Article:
December revenue numbers up in West Virginia
First half of fiscal year below estimates
CHARLESTON — Tax revenue numbers in the state for December 2019 came in $6.9 million above estimates, though year-to-date tax collections for the first six months of fiscal year 2020 remain lower than anticipated.
According to revenue numbers released by Gov. Jim Justice Thursday, tax collections for December came in at $428.2 million, or 1.6 percent above the December estimate of $421.3 million. That comes out to a $6.9 million surplus for the month. December 2019 also came in 1.2 percent ahead of December 2018 numbers.
December marks the halfway point of fiscal year 2020, which started July 1, 2019. Year-to-date tax collections came in at $2.203 billion, which was 1.4 percent below estimates of $2.236 billion — $33.4 million below estimates. Tax collections for the last six months came in 1.4 percent lower than the same time period in 2018.
“Our state is still in great financial health and we’re doing well in lots of areas,” Justice said in a statement. “That said, we are always looking at all of our numbers every single day because we know that even though we’ve done so much, there are always areas where we can continue to improve.”
Department of Revenue officials place the blame on the slightly lower revenue numbers on the energy sector. December severance tax collections came in just over the estimate at $43 million, but year-to-date collections from natural gas and coal severance of $136.1 million came in $37.8 million below estimates — a 5.1 percent drop and 34.9 percent below fiscal year 2019 numbers.
“The cumulative shortfall was due to a significant slump in energy prices, particularly for natural gas,” the report stated. “Coal sales have also recently slowed due to both a global economic slowdown with lower steel demand and stiffer domestic competition from natural gas in the electric power generation market.”
Personal income tax collections were $174.8 million for December, 1.77 percent below estimates of $177.9 million, but 2.9 percent ahead of December 2018 collections. Year-to-date collections of $973.6 million came in $33.6 million below estimates, but 1 percent ahead of 2018 collections.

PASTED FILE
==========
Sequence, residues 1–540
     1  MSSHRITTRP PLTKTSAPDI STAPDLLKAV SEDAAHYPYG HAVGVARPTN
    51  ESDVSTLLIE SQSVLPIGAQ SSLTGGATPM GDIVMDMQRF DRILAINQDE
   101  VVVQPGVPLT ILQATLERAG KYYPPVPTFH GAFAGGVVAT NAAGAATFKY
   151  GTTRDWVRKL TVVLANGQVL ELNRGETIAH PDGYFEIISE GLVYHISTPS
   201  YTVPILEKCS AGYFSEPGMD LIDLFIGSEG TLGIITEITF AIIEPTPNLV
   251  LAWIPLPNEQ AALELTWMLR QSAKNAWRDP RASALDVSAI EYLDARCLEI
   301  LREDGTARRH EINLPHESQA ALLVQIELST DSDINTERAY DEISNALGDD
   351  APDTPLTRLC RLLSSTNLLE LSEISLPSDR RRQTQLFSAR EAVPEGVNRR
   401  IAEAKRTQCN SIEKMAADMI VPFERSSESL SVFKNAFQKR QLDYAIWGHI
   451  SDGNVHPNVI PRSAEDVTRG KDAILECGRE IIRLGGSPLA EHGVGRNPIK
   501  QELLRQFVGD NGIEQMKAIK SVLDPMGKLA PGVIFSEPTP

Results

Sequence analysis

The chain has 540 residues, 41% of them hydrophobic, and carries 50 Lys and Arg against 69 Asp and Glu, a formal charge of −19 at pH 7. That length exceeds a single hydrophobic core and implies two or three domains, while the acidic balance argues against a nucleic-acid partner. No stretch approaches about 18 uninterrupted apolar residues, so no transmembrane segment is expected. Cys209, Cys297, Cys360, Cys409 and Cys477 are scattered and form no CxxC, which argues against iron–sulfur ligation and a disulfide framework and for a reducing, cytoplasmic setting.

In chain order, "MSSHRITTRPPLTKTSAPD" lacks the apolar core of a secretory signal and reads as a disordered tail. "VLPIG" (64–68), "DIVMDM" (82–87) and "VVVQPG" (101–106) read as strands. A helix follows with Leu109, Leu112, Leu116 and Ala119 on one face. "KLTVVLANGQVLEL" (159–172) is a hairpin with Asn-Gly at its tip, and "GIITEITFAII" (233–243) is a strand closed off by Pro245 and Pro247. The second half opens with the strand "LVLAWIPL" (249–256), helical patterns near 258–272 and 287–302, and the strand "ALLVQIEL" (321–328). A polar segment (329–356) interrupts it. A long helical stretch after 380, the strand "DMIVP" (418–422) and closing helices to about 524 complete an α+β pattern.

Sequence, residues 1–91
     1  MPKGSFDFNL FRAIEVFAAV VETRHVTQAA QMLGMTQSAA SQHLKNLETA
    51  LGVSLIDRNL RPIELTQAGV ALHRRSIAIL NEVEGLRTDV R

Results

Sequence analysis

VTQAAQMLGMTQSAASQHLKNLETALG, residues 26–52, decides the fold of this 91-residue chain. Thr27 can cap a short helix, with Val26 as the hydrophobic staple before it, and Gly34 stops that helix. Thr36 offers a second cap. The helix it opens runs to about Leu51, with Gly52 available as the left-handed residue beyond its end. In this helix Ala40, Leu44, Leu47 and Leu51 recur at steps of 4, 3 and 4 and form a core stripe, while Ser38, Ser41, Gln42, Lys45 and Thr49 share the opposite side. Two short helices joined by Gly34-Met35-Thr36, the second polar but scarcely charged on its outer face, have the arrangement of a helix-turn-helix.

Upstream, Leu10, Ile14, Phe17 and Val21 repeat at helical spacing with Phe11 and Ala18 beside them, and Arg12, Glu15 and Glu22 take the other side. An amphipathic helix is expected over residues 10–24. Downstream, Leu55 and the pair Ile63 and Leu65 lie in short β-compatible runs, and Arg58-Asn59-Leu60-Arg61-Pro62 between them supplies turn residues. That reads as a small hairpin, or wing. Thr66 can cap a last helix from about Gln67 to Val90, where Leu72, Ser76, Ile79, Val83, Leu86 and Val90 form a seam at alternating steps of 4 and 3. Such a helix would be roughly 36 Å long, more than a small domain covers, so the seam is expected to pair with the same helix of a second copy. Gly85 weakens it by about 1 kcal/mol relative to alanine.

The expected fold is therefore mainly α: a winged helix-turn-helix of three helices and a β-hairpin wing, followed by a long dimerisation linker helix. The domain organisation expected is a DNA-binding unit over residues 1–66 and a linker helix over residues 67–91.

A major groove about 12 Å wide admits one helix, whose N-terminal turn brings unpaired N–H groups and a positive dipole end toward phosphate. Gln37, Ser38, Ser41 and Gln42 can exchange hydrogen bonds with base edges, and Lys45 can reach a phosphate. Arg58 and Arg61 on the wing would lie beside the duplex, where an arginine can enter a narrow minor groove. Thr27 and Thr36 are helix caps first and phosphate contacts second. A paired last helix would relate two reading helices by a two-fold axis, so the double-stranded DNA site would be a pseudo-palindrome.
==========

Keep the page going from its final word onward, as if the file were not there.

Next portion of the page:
While consumer sales tax collections came in $1.1 million below estimate for December, the $127.3 million in collections came in 2.6 percent ahead of last year’s collections. Year-to-date collections of $683.1 million came in $2.8 million below estimate, but 1.6 percent above 2018 numbers.
Business and occupation tax collections saw a 50 percent increase above the estimate for December, coming in at $17.6 million. Year-to-date numbers came in at $67.4 million, 19 percent above estimates.
“Monthly collections were up 121 percent from the prior year largely due to a large carryover of deposits due at the end of November to early December,” according to the release.
Corporate net income tax collections were down for the month, but up for the first half of the fiscal year. December numbers were $30.4 million — $2.6 million below estimate — and year-to-date numbers were $97.5 million, or $23.3 million above estimate.
During the December legislative interim meeting, Department of Revenue Secretary Dave Hardy said mid-year budget cuts that the administration was making preparations for would likely not happen as long as revenues did not stray too far from estimates. Justice said the reason for the estimate being slightly off was due to the surplus brought in from fiscal year 2019 that ended in June.
“The thing to remember is that most of the surplus we saw in the historic FY 2019 numbers was built into the FY 2020 budget, and we are pacing close to those record-setting numbers,” Justice said. “Secretary Hardy and his team at the Department of Revenue are going to stay on top of it.”
Steven Allen Adams can be reached at email@example.com